$7 (b) A point P(x,y) moves so that the sum of the squares of its distances from the points A,B and C is 77. Show that the locus is a circle and find its centre and radius.$

$PA^2 = x^2 + (y - 4)^2$
$PB^2 = (x - 1)^2 + (y + 4)^2 and$
$PC^2 = (x - 6)^2 + (y - 3)^2$

ii) ==> PA² + PB² + PC² = 3x² + 3y² - 14x - 6y + 78 = 77

==> 3x² + 3y² - 14x - 6y = -1

==> x² + y² - 14x/3 - 2y = -1/3

Grouping, (x² - 14x/3) + (y² - 2y) = -1/3

==> (x² - 14x/3 + 49/9) + (y² - 2y + 1) = -1/3 + 49/9 + 1

==> (x - 7/3)² + (y - 1)² = 55/9

$This is the form of circle equation (x - h)^2 + (y - k)^2 = r^2,$
$whose center is (h,k) and radius = r$

$Hence the above represents a circle equation,$
$whose center is (\frac{7}{3}, 1) and radius = \frac{(\sqrt{55})}{3} units$

The back of the book has the answer as (2,1) for centre and radius of $\sqrt{5}$
You made a small silly mistake, the point B has coordinates (0,-4). So PB^2 would be x^2+(y+4)^2

13. ## Re: Year 11 Mathematics 3 Unit Cambridge Question & Answer Thread

Originally Posted by pikachu975
You didn't give us point A B and C
That was the question: (apologies about the cut off of page)

14. ## Re: Year 11 Mathematics 3 Unit Cambridge Question & Answer Thread

OK I decided to redo Q 7 a and 7b from EX 9A

$Q 7 (a) EX 9A$

$d^2_{PA}=x^2+(y-4)^2$

$d^2_{PB}=x^2+(y+4)^2$

$d^2_{PC}=(x-6)^2+(y-3)^2$

$Q 7 (b) EX 9A$

$PA^2+PB^2+PC^2=77$

$3x^2+3y^2-12x-6y+77=77$

$3x^2+3y^2-12x-6y=0$

$3(x^2+y^2-4x-2y)=0$

$x^2+y^2-4x-2y=0$

$(x-2)^2+(y-1)^2-\sqrt{5}=0$

$(x-2)^2+(y-1)^2=(\sqrt{5})^2$

$(x-2)^2+(y-1)^2=5$

$\therefore the locus is a circle , with centre (2,1) and radius 5.$

15. ## Re: Year 11 Mathematics 3 Unit Cambridge Question & Answer Thread

Originally Posted by davidgoes4wce
That was the question: (apologies about the cut off of page)

16. ## Re: Year 11 Mathematics 3 Unit Cambridge Question & Answer Thread

Hi, need help with Exercise 8H Page 311 Extension Question 27.
If alpha and beta are the roots of x^2 = 5x - 8. Find (a)^1/3 + (b)^1/3 without finding the roots.
Tried cubing (a^1/3 + b^1/3) but got stuck.
Any help would be appreciated.

Also, with Extension question 26 (same page),
If the equations mx^2 + 2x +1 =0 and x^2 + 2x +m = 0 have a common root, find the possible values of m and the value of the common root in each case. I let first equation be p(x) and the second be f(x) and the common root be alpha.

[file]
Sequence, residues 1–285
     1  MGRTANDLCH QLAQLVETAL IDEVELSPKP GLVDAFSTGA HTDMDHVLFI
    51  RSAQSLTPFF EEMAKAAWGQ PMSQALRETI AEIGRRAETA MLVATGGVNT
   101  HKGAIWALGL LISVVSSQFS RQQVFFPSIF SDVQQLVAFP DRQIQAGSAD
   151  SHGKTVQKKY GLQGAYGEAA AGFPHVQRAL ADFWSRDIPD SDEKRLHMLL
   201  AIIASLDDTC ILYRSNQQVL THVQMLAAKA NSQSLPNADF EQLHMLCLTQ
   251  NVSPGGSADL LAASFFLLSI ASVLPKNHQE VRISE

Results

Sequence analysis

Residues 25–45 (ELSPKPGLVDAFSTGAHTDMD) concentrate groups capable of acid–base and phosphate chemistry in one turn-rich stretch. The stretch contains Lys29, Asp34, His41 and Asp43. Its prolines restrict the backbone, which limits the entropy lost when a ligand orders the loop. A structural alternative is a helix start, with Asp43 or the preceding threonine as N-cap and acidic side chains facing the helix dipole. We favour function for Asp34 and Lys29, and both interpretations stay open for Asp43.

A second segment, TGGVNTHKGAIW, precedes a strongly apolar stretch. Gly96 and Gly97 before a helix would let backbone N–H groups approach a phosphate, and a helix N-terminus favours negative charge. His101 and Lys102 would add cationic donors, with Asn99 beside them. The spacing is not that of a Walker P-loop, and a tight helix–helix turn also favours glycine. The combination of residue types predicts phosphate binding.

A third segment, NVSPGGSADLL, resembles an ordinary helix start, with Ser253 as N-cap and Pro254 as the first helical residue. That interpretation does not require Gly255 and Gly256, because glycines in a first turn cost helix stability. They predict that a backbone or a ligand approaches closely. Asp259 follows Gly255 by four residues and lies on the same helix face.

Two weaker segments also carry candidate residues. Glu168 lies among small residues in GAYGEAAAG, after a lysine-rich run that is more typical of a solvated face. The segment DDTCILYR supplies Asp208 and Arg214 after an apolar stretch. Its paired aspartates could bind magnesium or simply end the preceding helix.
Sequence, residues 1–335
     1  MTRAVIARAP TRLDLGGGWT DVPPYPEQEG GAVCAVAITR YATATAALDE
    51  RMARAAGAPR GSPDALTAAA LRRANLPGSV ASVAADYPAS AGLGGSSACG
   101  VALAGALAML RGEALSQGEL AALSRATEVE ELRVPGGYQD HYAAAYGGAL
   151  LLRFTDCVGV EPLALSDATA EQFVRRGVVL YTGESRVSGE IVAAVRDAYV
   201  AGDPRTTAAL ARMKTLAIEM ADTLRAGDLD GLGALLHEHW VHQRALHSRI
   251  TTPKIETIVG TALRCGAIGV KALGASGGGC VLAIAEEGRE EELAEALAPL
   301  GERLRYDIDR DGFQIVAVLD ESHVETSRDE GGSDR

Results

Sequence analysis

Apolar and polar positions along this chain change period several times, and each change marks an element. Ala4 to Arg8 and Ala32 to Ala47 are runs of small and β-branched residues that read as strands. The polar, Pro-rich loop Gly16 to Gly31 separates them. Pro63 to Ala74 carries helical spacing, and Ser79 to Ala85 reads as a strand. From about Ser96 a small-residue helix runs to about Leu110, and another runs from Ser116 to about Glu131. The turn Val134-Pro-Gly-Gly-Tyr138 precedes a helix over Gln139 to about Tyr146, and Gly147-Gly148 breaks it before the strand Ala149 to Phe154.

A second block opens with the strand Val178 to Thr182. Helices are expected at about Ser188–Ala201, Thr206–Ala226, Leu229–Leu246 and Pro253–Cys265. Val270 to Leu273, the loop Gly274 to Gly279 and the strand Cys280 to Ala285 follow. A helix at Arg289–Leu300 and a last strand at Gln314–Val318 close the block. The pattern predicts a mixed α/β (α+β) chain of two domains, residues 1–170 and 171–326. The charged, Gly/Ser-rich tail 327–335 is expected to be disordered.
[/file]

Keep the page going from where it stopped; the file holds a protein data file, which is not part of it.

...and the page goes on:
If alpha is the common root p(a) = f(a) = 0 and hence you get,
a^2(m-1) + (1-m) = 0, and that the common root a is x=-1 when m = 1
I had no idea how to get the second common root of the two equations (its x = 1 when m = -3),
So I used product of roots of the above equation a^2(m-1) + (1-m) = 0 as a quadratic is a, and the product of roots is thus -1
Hence I found the other root to be x = -1 and subbing x = -1 into any of the given functions p(x), f(x) and letting it equal 0 I then got m = -3.
Is there a way to find the 2nd m value prior to finding the 2nd common root?
(because this is what the question seems to imply find m then find the common root)
Sorry for long post couldn't find anything on either of the questions
Thanks!

17. ## Re: Year 11 Mathematics 3 Unit Cambridge Question & Answer Thread

Originally Posted by trea99
Hi, need help with Exercise 8H Page 311 Extension Question 27.
If alpha and beta are the roots of x^2 = 5x - 8. Find (a)^1/3 + (b)^1/3 without finding the roots.
Tried cubing (a^1/3 + b^1/3) but got stuck.
Any help would be appreciated.

Ok - to save time I will use a and b for alpha and beta.

$\alpha + \beta = -(-5) = 5 and \alpha \beta = 8 \\ \\a + b = 5 and ab = 8\\ \\ (a^ \frac {1}{3} + b^\frac {1}{3})^3 = M^3 = a + b + 3a^\frac {2}{3} b^\frac {1}{3} + 3 a^\frac {1}{3} b^\frac {2}{3} = a + b + 3a^\frac{1}{3} b^\frac {1}{3} (a^\frac {1}{3} + b^\frac {1}{3}) \\ \\ \therefore M^3 = 5 + 3 \times 8^\frac {1}{3}(M) = 5 + 6M \\ \\ \therefore m^3 - 6M - 5 = (M+1)(M^2 - M - 5) = 0 \\ \\ \therefore M = -1 or \frac {1 \pm \sqrt {21}}{2}$

18. ## Re: Year 11 Mathematics 3 Unit Cambridge Question & Answer Thread

Yes, I got that part lol.
But what would you do to get a^(1/3) + b^(1/3) from a+b = 5 and ab = 8
What I tried was,
(a^(1/3) + b^(1/3))^3 and got a + 3a^(2/3)b^(1/3) + 3a^(1/3)b^(1/3) + b
Tried doing something with the 3a^(2/3)b^(1/3) + 3a^(1/3)b^(2/3) but ended up getting more a^(1/3) + b^(1/3) terms when I tried factorising by taking out powers of ab
Or would cubing a^(1/3) + b^(1/3) be useless for this question?

19. ## Re: Year 11 Mathematics 3 Unit Cambridge Question & Answer Thread

Thank you so much

20. ## Re: Year 11 Mathematics 3 Unit Cambridge Question & Answer Thread

Originally Posted by trea99
Thank you so much
You were so close to finishing. Never done this type of question before.

21. ## Re: Year 11 Mathematics 3 Unit Cambridge Question & Answer Thread

EX7D Q 9 (b) is there a mistake with the answer?

$Q 9 (a) Find where y=-2x meets y=(x+2)(x-3)$

$(b) Find, to the nearest minute, the angles that the tangents to y=(x+2)(x-3) at these points make with the x-axis. Sketch this situation.$

$Answers for Q9 (b) 71^\circ 34' \ and \ 97^\circ 8'$

22. ## Re: Year 11 Mathematics 3 Unit Cambridge Question & Answer Thread

One of the angles I believe to be right (the 71 34') and the other I believe to be wrong. Would love it , if somebody could confirm.

Seeing that the two points of intersection are at x=2, -3

I then substituted this back into the derivative which is dy/dx=2x-1=tan $\theta$

23. ## Re: Year 11 Mathematics 3 Unit Cambridge Question & Answer Thread

The 2 angles in degrees: 71.565 and 98.13

being: inverse tan (3) and 180 - inverse tan (7)

Maybe my calculator is exceptionally accurate.

24. ## Re: Year 11 Mathematics 3 Unit Cambridge Question & Answer Thread

I had an attempt at the question and I can't quite get it

$EX7D Q9 (a)$

$-2x=x^2-x-6$

$0=x^2+x-6$

$0=(x+3)(x-2)$

$x=-3,2$

$My thinking for part 9 (b) was just to work out the derivative of y=x^2-x-6 \implies \frac{dy}{dx}=2x-1$

$At x=-3 , \frac{dy}{dx}=2(-3)-1=-7 = tan \theta$

$At x=2, \frac{dy}{dx}=2(2)-1=3 = tan \theta$

$Solving for \theta = 71^\circ 34' and I now have the understanding that we find the other \theta by going = 180^\circ -81^\circ 52'= 98^\circ 8'$

25. ## Re: Year 11 Mathematics 3 Unit Cambridge Question & Answer Thread

My reasoning as to why I subtract 180 from 81'52' is that the tan theta value is a value of negative 7, which lies somewhere in the 2nd quadrant of the ASTC diagram.